Can I… still be a community carer under these circumstances

By N. Fields, Jul 2021

Community carers are known to be individuals who aim to provide support to those at risk of suicide, but what if you are a community carer who faced suicidal ideations before and still harbour these ideations from time to time? You may feel inadequate, hence doubting your own capabilities but fret not, you can still be a community carer and provide the right kind of support to individuals at risk.


First off, who can be a community carer? Those who are willing to help those at risk and journey alongside them, can most definitely be community carers. If you are a person who had suicidal thoughts before, take heart in knowing that your past experiences can make it more meaningful and personal in the process of listening to and supporting individuals at risk. It may even encourage them to share their struggles and thoughts more vulnerably with you, knowing you have struggled with suicidal ideations before as well. A safe space is created for both parties to share their personal experiences with one another, paving the way for better and stronger accountability in future.


What happens then, if a community carer is considering suicide, again? There could be situations whereby community carers find themselves prone to past trauma and emotions in the midst of providing support to individuals at risk. In such instances, he or she must first seek professional help immediately – by calling the SOS (Samaritans of Singapore) helpline or IMH (Institute of Mental Health) crisis line. If the carer is reluctant to engage professional help, their closest next of kin or friend must do so. The carer’s safety is of utmost importance. The community carer will then have to take time away from supporting the individual at risk, and rope in other community carers to help support the individual. Once the carer’s thoughts and feelings have stabilised, he or she can safely return to support individuals at risk.


One may wonder, why is it important that a community carer’s emotions and thoughts be in the right place, before supporting an individual at risk of suicide? It must be noted that when a carer supports an individual at risk, the goal is to prevent them from taking their own life and to ensure their safety. The carer must therefore be in a healthy and stable state of mind to listen and provide the right counsel to the individual. This is also to avoid instances where the individual at risk influences a community carer to reconsider suicide again, or that the carer further aggravates the individual’s thoughts of suicide.


How can community carers who had struggled, continue to struggle with suicidal ideations or perhaps are suicide attempt survivors, better support individuals at risk? For a start, carers can work to build the emotional resilience of the individual. Finding strong reasons for the individual to continue living for, bringing hope to them, encouraging and journeying alongside them in taking small steps daily to cultivate a healthy mind and body will be pivotal in their progress. Thereafter, teaching them how to manage or deal with the stressors, triggers,negative thoughts and emotions is important. Healthy coping mechanisms such as speaking to trusted friends or close family members, going for counselling sessions, finding persons they can be accountable to, journaling their thoughts… are just some ways. In turn, the community carer can be encouraged by the individual’s progress, which will spur him or her on in helping to save more lives before it is too late. It may also provide the community carer with a greater sense of purpose and hope, strengthening his or her will to live on, should the suicidal thoughts return.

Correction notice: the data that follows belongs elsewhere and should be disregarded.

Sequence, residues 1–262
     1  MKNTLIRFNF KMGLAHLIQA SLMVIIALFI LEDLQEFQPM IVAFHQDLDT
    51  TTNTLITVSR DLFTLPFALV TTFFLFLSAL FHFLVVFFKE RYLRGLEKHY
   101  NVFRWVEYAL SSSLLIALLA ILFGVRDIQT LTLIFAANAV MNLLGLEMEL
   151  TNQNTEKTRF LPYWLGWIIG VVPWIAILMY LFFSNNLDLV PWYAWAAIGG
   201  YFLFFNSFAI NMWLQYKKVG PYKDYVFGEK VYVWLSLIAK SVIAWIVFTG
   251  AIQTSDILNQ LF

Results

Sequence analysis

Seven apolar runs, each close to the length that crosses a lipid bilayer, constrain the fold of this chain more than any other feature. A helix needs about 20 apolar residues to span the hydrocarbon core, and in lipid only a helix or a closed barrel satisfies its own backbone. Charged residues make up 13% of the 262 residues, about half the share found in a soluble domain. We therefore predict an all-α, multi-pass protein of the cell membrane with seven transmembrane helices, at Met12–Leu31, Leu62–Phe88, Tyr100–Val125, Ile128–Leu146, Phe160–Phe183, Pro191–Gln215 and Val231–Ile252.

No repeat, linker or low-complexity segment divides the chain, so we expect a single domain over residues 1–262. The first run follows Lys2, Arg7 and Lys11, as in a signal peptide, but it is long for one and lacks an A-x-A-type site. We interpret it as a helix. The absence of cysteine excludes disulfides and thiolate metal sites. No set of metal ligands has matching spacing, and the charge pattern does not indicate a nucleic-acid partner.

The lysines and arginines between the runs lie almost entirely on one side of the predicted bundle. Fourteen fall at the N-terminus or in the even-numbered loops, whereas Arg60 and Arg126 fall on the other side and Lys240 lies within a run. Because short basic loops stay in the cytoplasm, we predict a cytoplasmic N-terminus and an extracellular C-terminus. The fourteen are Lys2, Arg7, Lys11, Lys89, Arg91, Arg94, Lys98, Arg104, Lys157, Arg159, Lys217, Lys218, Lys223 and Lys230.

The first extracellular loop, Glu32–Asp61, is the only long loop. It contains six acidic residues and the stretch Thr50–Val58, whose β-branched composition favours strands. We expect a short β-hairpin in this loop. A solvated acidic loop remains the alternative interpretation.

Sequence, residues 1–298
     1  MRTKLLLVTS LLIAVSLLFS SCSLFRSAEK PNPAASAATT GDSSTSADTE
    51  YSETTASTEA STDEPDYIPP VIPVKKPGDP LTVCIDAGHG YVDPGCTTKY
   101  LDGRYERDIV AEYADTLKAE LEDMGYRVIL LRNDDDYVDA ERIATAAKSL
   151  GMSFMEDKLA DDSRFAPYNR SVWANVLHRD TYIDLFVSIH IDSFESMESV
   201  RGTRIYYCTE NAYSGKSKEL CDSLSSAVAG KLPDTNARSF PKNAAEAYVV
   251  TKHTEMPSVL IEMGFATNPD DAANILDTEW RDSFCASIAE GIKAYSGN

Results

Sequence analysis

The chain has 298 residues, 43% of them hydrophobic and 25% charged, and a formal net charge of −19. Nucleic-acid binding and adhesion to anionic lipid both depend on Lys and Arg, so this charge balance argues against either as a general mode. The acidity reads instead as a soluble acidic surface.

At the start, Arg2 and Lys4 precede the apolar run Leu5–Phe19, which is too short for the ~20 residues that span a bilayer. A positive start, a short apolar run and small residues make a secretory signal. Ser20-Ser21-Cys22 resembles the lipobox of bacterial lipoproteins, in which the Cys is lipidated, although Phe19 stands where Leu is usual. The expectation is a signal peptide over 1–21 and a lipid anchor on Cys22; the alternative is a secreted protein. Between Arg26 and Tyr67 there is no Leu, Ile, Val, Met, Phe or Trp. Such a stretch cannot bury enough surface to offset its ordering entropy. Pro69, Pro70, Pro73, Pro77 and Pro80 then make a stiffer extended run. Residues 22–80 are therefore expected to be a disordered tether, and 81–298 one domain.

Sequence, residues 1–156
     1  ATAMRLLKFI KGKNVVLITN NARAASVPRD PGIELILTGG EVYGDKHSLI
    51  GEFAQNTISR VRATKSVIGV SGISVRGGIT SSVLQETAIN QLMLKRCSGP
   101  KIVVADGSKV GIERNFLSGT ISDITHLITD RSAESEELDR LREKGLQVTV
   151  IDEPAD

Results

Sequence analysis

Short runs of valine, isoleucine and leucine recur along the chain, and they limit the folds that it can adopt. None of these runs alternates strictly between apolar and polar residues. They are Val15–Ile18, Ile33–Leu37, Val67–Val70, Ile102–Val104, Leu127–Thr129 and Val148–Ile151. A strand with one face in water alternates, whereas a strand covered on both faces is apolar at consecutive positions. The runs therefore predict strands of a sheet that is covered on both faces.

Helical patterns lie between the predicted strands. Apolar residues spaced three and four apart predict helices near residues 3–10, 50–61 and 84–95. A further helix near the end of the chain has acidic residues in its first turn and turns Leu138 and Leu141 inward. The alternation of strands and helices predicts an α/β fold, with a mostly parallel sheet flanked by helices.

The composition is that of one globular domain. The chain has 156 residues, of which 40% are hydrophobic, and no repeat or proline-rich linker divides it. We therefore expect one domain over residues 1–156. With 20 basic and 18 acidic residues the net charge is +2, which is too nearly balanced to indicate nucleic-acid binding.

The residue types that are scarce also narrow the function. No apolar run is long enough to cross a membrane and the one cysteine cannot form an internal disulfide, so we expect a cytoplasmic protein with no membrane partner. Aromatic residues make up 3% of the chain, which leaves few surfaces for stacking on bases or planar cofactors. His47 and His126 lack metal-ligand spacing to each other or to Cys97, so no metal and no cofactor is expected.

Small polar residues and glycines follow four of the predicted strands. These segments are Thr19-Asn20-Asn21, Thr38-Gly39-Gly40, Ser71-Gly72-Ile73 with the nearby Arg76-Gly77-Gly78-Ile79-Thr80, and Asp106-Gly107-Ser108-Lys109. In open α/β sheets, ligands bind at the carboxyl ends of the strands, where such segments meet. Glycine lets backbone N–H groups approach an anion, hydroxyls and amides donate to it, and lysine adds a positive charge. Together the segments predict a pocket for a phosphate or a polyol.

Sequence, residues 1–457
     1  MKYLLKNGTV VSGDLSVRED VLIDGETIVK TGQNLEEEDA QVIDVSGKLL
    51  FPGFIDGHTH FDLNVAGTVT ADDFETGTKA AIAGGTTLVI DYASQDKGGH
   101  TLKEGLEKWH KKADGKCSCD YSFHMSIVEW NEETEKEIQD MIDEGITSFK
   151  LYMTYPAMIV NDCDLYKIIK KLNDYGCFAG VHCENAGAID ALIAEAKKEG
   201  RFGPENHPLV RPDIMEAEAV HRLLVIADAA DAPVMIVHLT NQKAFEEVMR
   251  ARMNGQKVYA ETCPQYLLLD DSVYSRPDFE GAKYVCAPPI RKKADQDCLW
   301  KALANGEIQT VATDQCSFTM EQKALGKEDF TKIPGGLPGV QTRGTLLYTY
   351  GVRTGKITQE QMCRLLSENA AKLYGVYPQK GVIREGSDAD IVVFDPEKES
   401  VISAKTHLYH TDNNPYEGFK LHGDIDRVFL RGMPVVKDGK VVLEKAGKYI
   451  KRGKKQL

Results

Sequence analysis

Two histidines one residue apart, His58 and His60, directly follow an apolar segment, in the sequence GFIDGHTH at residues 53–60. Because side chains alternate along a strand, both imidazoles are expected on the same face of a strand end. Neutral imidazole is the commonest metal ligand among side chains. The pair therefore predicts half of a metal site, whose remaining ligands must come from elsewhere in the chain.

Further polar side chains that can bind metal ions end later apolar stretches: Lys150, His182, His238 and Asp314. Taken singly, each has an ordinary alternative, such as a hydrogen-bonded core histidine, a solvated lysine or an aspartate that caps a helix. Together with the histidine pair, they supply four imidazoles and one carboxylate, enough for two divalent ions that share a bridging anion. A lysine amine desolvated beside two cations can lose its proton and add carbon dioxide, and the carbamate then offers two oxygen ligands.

With reference to an article written and published by Channel NewsAsia[1], the number of suicide cases in Singapore peaked last year as the nation continues to trudge through the COVID-19 pandemic. Individuals who took their own lives were observed across the age groups. There has never been a more appropriate time than now to be trained as a community carer, to identify key signs of suicide displayed by an individual and to bring him or her back to safety before a life is lost.


For both community carers and individuals at risk who have struggled with suicidal thoughts or continue struggling with these thoughts from time to time, it is a tough battle for the mind, between choosing death or life. We acknowledge their pain and struggles. However, every choice being made by an individual to live and every life saved, is a battle won.


To end off, the process of connecting with, convincing and supporting an individual with suicidal ideations or a suicide attempt survivor can be daunting, emotionally challenging and time consuming – but is well worth it.





About the writer

Fields strongly believes that support of the community is paramount to the efforts taken in suicide prevention. She has had close friends struggle with suicidal ideations and realised that people have the power to influence or change one’s decision to take their own life. N. Fields is committed this cause of suicide prevention and continues to author articles regarding this topic, hoping to destigmatize suicide, saving more lives.

On average, there is 1 suicide per day in Singapore

we can do our part to Prevent suicide today.